President Donald Trump’s administration announced Tuesday that it will end the Deferred Action for Childhood Arrivals program, or DACA, that protects young, undocumented immigrants. 

The Department of Homeland Security will not process any new applications for the program, according to CNN. It will, however, renew permits for anyone whose status expires in the next six months, which will give Congress an opportunity within that time to fight for the program. 

"The Department of Justice cannot defend this overreach," Attorney General Jeff Sessions said at a press conference. "There is nothing compassionate about the failure to enforce immigration laws. Enforcing the law saves lives, protects communities and taxpayers, and prevents human suffering. Failure to enforce the laws in the past has put our nation at risk of crime, violence and even terrorism. The compassionate thing is to end the lawlessness, (and) enforce our laws."

Since being implemented five years ago by the Obama administration, “nearly 800,000 individuals who have received the protections have started families, pursued careers and studied in schools and universities across the United States,” according to a CNN report.

Former President Barack Obama plans to speak out about the cuts, according to Politico. He said in his final presidential press availability that it was one of the few issues he would feel he had to speak publicly about.

The decision by Trump pushes Congress to act before the DACA recipients begin losing their status March 5.

Ohio University President Duane Nellis said in a news release that the end of DACA “threatens to undermine Ohio University’s commitment to fair treatment and inclusivity for all of our students.” He said DACA has made it possible for students at both OU and other universities to pursue an education.

"Ending DACA protections threatens to undermine this commitment for the many young people who have worked very hard to be here and have so much to offer as global citizens,” Nellis said in a release. “On behalf of Ohio University, I remain steadfast in my commitment to protect the rights of all of our students.”

Nellis also plans to take action on the matter.

"Tomorrow I will go to Capitol Hill to advocate for all our students and urge our Congressional representatives, face-to-face to take action to protect the DREAMers immediately,” he said in the release. “We will continue to monitor these national discussions and will keep the University community informed of important developments as they unfold.”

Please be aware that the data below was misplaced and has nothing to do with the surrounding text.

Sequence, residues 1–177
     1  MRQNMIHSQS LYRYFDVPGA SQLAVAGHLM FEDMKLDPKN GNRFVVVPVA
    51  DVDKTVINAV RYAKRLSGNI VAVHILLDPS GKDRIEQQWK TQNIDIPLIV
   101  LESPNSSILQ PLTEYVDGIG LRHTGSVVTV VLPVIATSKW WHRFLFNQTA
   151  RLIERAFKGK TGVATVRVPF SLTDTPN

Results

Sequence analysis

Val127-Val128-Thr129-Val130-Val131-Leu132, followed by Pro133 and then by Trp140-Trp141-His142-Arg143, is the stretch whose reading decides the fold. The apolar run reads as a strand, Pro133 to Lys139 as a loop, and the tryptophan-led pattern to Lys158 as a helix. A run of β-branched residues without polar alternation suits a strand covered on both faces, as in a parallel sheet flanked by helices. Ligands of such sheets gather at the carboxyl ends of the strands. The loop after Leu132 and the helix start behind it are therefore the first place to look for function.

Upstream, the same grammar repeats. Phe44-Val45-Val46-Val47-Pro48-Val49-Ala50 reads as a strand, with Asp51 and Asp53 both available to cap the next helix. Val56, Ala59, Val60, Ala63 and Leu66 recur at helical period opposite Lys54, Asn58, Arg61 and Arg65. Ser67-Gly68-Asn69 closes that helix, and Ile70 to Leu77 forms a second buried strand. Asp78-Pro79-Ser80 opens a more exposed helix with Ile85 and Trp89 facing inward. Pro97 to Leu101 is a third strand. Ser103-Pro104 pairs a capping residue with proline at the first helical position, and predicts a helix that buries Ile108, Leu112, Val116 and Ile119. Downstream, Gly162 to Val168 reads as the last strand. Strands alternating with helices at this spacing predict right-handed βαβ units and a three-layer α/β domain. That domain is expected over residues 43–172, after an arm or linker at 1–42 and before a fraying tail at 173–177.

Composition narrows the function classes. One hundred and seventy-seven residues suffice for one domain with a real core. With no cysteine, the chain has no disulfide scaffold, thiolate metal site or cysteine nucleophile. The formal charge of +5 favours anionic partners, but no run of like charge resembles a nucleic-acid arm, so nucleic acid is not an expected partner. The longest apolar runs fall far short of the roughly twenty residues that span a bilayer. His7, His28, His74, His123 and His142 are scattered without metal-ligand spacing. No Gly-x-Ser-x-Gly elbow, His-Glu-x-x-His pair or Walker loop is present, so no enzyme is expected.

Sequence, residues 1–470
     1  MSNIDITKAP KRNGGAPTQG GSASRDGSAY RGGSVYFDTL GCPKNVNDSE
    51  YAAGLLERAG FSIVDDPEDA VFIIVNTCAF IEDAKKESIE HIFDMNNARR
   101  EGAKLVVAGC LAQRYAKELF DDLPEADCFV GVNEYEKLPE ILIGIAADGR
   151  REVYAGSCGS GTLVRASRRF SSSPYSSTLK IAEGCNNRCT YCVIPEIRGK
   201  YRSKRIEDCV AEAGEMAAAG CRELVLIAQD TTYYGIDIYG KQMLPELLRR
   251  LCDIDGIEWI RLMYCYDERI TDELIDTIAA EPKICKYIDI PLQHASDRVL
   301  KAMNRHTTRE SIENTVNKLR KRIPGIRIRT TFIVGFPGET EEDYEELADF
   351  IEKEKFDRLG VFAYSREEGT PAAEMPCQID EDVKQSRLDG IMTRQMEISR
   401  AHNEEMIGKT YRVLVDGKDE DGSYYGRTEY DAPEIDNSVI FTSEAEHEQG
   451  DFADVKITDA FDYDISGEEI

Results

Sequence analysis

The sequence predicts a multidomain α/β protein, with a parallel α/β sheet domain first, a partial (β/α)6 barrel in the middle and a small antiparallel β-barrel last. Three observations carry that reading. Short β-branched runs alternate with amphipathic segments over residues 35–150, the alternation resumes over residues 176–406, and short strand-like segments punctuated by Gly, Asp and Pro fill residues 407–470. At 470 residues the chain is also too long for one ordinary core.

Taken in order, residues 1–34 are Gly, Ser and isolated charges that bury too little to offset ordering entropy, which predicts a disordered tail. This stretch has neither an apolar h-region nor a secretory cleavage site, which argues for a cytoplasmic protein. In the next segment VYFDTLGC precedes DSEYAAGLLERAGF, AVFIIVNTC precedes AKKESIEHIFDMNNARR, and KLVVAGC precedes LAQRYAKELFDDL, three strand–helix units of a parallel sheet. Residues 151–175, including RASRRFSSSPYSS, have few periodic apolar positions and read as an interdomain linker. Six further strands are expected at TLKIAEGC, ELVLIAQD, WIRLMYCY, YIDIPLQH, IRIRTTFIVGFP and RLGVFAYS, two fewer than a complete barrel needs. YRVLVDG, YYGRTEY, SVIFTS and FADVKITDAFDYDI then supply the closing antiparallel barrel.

OU Spokeswoman Carly Leatherwood said the exact number of undocumented students at OU was unknown because not all students report their statuses.

“We think it's a relatively low number, but not all students report,” she said in an email.

Several groups on campus took actions last academic year to support undocumented and international students. Faculty Senate, Graduate Student Senate, Student Senate and university administration worked to address the needs of international students during the Trump administration. 

Student Senate passed a bill last academic year requesting that the university address the needs of international, immigrant and undocumented students. GSS formed a task force “to show the general body is staying on top of what the university is doing to support international students throughout President Donald Trump's administration,” according to a previous Post report.

In December, former OU President Roderick McDavis made a statement about DACA at Faculty Senate’s December meeting, according to a previous Post report. 

“DACA has enabled many students to attend Ohio University to pursue the transformative education that we provide,” McDavis said at the meeting. “These sons and daughters of undocumented immigrants have not broken any laws. They were brought to this country as minors through no fault of their own and have not caused any trouble. We have accepted them as students at our university; they are valued members of our community.”

@maddiecapron

mc055914@ohio.edu

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